Helping Society’s Most Vulnerable

Sometimes, when people hear that CTF helps inmates, they seem surprised. Why give attention, resources & time to “criminals”? I’d like to answer that question in this post.

Firstly, the inmates who we help are the ones who want help. They are open-minded, positive people who have a lot to offer the world and they want to contribute to their communities. Also remember: most of the inmates in provincial jails are legally innocent of any crimes. They have been accused of something but they are innocent until proven guilty and they have not yet had their day in court. I’ve heard stories from dozens of inmates who have been charged with crimes they had nothing to do with. It’s important to keep this in mind when working with them. The worst case I’ve seen so far was a 27 year old man who had been incarcerated for 17 months and then went to court only to find all charges were dropped and he was released. He’ll never get those 17 months of his life back. This is the criminal justice system in Canada.

But for those inmates who have made mistakes and have drug or weapons charges, or maybe assault, or robbery, it is important not to label them as if they should only be defined by their mistakes. Every human being on this planet makes mistakes and we continually check our Selves for moral or lawful actions. When working with inmates I have found that not everyone who breaks the law is an “immoral” person and not everyone who’s made immoral choices is a “criminal”. This is an indepth and philosophical debate which I won’t get into now but what I mean to say is that I have met more inmates…these so-called “criminals”…who have a higher desire to transform, and a higher desire to transcend challenges than many citizens of the world. Too often, there are people living in the world, caught up in their ego-desires and corrupt inclinations who never see the inside of a jail cell. And all too often, there are good-hearted and well-meaning individuals who are trapped behind bars because of a system or a community who has failed them.

This is why I work with inmates. This is why I see the potential for growth & transformation even for people who are in jail.

One of the ways CTF has supported inmates in the past and what we hope to do more of in the future, is to help them overcome financial barriers to their own health & well-being. When a person has spent months or years in a provincial jail and is then transferred to a federal institution for the duration of their sentence, they often do not have the money or resources needed to get themselves established.

Federal institutions, or penitentiaries, are for people serving two years or more. When they are transferred into the pen, they can purchase a TV, a fan, headphones, as well as specific clothing items. For inmates who have endured additional mental health or medical issues while incarcerated, having access to their own TV is a huge asset to their mental well-being. Unfortunately, not all inmates have money saved to buy this pen package, and not all inmates have friends or family who can help them purchase this package. For this reason, CTF has offered to raise funds for inmates who need financial support for their pen package.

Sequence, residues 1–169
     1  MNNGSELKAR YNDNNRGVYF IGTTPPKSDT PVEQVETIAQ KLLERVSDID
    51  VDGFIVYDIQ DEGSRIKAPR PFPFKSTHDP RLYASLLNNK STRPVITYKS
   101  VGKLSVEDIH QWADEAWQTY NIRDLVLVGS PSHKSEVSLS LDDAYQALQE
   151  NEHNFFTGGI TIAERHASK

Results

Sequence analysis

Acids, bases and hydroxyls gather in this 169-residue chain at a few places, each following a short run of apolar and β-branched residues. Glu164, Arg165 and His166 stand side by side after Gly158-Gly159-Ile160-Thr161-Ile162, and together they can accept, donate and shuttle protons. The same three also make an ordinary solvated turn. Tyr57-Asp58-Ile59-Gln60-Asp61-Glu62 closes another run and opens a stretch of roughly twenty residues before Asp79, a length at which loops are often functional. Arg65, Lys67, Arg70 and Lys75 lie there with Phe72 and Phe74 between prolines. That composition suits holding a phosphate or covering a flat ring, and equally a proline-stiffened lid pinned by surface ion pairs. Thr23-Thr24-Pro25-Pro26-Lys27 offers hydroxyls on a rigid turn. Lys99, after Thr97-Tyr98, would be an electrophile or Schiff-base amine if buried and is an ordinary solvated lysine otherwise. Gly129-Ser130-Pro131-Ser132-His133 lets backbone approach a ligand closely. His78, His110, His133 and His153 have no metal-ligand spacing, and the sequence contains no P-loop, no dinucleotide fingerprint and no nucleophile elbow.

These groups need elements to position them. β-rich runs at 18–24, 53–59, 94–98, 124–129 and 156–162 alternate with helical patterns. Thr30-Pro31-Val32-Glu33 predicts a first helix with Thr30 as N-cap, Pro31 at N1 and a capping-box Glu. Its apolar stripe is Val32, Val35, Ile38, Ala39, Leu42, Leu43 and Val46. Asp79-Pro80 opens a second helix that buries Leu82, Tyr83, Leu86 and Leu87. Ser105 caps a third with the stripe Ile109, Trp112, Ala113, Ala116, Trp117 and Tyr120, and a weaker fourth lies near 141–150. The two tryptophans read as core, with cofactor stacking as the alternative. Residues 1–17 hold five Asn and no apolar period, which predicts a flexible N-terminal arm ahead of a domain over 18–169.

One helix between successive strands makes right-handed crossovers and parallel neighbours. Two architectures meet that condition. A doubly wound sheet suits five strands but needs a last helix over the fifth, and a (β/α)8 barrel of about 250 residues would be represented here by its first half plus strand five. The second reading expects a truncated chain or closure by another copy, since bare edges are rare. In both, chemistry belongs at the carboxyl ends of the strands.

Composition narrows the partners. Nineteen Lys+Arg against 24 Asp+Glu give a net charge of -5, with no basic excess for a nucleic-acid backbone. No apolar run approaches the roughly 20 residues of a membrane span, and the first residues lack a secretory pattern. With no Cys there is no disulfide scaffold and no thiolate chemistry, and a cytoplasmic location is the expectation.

When CTF contributes to purchasing the pen package, the transfer of funds goes directly from CTF bank accounts to the Home Hardware store who then delivers the package to the inmates. This ensures that 100% of the funds are used only for the purchase & delivery of this package.

We carefully select the clients who qualify for our Inmate Support Fund, based on criteria such as their participation in our programs, their willingness to reflect on the nature of their charges, and their proven ability to demonstrate genuine change. We also look for inmates who promote our programs, who connect us with others, and who have contributed some value to CTF development. In this way, when we provide a pen package to an inmate, it is in recognition & appreciation for their contributions to our nonprofit efforts.

Currently, CTF is supporting a 32 year old native man, from Hamilton, who is going by J.H. His story and Go Fund Me page can be accessed at this link. We would be so grateful for any contributions – big or small – which can help J.H. during his transfer to a penitentiary. Please consider reading his story here and if you feel inspired to contribute that would be wonderful. It is the generous support of friends, families and community members which has moved CTF forward over the years, allowing us to continue growing & helping more and more people along the way.

Not that interested in supporting purchase of a pen pack but you still want to help?

Donations of all denominations are warmly welcomed at any time. We use 100% of funds raised to run phone lines, send letter-writing campaigns, and provide transformation correspondence courses. Your donation can help us keep our programs running & growing!


Published by Rachel Perry

Co-founder of CTF Chair of Board of Directors Director of Crisis Phone Line & Transformation Correspondence Volunteer Coordinator

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